Novel TLR2 agonist adjuvant vaccine

By exploring the properties of complex compounds, researchers from the University are discovering new kinds of vaccines to combat disease in Indonesia. This technology can help vaccinate against hepatitis, diphtheria and tetanus.

The technology

S-[2,3-bis(palmitoyloxy)propyl] cysteine, (Pam2Cys) – which corresponds to the lipid component of macrophage activating lipopeptide 2 (MALP-2) from Mycoplasma fermentans – is a potent immuno-adjuvant when conjugated to the antigen. Its mode of action appears to rely on the ability of Pam2Cys to interact with Toll-like receptor 2 (TLR2) on dendritic cells (DC), which triggers DC maturation and results in an increased efficiency of presentation of the peptide epitopes.

Although candidate TLR adjuvants are effective at promoting vaccine efficacy, it is known in the field that superior immune responses (especially T cell responses) are generated when both TLR ligand and antigens are (covalently) linked.

University of Melbourne researchers, led by Professor David Jackson, from the Department of Microbiology and Immunology (Faculty of Medicine, Dentistry and Health Sciences), have engineered Pam2Cys to incorporate a unique branched structure capable of complexing (through electrostatic interactions) charged polypeptides/proteins.

Two lead products have been generated:

  • one with N-terminal arginine residues which is positively charged
  • one with N-terminal glutamic acid residues which is negatively charged

Binding of a charged branched lipopeptide to oppositely charged protein/peptide antigen (Ag) results in the formation of stable complexes and occurs at physiologic pH and salt concentrations.

In vivo POC data have been generated in a number of models, including H1N1 influenza split virus, TB (ESAT-6 recombinant protein) and HCV VLP, showing strong B and T cell responses.

The partnership

Bio Farma is the one and only vaccine and antisera producer for humans in Indonesia. Currently, the needs for EPI vaccines in Indonesia have been supplied solely by Bio Farma by manufacturing and distributing more than 1.7 billion doses of vaccine per year to meet the needs of EPI vaccine for the national immunisation program.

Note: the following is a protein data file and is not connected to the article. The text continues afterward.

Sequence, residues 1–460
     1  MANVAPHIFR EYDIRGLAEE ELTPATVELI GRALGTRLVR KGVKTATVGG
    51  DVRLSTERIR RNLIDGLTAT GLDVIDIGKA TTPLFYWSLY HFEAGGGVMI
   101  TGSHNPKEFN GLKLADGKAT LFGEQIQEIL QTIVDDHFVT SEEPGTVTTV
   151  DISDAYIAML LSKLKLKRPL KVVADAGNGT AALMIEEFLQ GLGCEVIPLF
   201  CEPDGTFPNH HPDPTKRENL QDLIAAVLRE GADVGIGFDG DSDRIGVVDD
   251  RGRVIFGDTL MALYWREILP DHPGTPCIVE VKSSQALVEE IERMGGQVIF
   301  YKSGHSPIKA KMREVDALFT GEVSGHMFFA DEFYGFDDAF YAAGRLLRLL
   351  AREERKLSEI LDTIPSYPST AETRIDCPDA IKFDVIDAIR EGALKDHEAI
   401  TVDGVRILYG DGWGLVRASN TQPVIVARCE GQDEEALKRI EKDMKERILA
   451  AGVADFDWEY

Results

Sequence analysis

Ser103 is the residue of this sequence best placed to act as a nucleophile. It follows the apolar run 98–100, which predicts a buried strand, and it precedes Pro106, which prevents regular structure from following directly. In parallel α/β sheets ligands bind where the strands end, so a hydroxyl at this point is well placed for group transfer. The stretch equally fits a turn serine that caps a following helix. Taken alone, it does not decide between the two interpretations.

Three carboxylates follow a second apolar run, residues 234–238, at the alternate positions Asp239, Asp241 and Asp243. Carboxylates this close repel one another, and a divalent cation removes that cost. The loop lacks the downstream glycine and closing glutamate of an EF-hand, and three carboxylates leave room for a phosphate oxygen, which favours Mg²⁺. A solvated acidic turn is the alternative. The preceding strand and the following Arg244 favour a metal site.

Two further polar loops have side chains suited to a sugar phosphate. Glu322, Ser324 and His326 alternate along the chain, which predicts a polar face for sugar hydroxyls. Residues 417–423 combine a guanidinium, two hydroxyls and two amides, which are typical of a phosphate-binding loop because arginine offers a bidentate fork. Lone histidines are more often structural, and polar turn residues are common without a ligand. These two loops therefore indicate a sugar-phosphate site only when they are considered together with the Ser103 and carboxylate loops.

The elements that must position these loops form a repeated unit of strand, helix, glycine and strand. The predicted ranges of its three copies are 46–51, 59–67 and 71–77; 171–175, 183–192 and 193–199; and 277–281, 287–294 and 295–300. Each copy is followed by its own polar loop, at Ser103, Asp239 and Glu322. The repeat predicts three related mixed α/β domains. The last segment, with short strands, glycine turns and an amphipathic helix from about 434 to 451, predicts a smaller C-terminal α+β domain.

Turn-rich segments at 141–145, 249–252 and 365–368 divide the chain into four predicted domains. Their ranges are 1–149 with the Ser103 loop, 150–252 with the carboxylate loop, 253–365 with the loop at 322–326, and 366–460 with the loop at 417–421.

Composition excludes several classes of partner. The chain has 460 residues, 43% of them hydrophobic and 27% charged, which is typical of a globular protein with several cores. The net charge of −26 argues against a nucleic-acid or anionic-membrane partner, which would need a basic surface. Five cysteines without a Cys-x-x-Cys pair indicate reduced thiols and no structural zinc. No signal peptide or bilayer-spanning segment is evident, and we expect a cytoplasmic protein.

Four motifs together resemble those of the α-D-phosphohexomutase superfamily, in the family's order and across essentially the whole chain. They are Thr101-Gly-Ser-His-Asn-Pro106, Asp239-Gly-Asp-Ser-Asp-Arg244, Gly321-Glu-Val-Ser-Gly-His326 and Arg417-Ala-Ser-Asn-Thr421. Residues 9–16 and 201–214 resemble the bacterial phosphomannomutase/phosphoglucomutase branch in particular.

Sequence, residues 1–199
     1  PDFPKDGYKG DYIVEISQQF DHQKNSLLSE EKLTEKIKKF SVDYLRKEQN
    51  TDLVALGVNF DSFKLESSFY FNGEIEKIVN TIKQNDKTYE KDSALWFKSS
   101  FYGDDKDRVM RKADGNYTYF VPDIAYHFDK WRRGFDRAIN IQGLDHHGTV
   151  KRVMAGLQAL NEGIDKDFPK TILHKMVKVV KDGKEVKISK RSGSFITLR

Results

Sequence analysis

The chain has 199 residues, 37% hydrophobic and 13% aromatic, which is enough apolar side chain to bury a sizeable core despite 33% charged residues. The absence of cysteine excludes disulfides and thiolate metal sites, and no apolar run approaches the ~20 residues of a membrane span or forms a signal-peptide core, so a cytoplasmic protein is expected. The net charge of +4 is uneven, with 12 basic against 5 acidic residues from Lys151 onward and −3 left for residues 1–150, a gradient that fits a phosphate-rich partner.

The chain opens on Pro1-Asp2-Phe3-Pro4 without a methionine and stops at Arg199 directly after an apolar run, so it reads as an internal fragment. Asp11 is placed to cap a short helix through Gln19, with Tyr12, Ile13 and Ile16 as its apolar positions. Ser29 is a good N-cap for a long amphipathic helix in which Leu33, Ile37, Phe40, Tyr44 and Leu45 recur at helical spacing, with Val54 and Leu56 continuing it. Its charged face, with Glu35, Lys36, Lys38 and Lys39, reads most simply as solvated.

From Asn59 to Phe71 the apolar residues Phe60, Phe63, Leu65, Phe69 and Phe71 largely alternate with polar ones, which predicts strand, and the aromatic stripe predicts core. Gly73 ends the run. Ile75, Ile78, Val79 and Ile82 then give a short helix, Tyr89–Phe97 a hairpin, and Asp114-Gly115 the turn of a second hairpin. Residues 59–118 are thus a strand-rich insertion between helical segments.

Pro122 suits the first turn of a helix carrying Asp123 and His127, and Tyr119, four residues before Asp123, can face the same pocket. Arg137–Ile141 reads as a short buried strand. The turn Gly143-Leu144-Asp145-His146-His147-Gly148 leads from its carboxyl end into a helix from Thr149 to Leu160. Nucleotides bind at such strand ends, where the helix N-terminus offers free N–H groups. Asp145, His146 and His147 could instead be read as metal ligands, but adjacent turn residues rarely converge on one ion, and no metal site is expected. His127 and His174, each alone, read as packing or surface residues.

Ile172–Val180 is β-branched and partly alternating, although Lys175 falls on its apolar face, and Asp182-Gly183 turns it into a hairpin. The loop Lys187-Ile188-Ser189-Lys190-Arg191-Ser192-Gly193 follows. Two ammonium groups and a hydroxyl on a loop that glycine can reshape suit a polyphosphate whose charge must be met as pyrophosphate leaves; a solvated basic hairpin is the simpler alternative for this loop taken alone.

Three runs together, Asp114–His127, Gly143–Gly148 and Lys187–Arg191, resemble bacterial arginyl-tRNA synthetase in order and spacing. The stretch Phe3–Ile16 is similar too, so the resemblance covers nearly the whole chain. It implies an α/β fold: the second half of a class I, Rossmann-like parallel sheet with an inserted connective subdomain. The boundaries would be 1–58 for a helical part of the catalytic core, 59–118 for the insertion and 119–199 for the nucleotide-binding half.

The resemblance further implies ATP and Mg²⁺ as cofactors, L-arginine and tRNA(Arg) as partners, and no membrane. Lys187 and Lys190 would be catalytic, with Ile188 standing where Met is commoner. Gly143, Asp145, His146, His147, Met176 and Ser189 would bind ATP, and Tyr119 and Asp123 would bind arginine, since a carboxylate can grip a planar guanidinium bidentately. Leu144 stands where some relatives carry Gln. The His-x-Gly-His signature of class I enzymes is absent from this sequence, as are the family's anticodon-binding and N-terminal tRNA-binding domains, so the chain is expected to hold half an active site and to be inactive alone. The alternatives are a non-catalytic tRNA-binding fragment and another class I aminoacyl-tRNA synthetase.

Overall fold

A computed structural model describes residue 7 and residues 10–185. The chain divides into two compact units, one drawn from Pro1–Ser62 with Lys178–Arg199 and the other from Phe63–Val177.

Bio Farma has an outstanding international reputation based on the WHO prequalification for all of its Expanded Program on Immunisation vaccines (EPI) vaccine products. At this moment, Bio Farma products are exported to countries around the world through the direct distribution or through various agencies such as UNICEF. Bio Farma has obtained the Best Export Performance from the Trade Ministry of Indonesia in 2010, 2011 and 2012 as the proof for its consistent exceptional performance.

The outcome

In December 2012, The University of Melbourne announced an option and evaluation agreement with PT Bio Farma to develop this TLR2 agonist-based adjuvant which could boost the effectiveness of vaccines for a range of infectious diseases including Hepatitis C, Diphtheria, Tetanus, Pertussis, Hepatitis B and Haemopilus influenza type B.

Under the proposed arrangement, the University of Melbourne will receive research funding to further evaluate this technology.

The research agreement was facilitated by UoM Commercial Ltd, the University's Commercial Engagement Service company.

Additional information can be found on the University of Melbourne newsroom.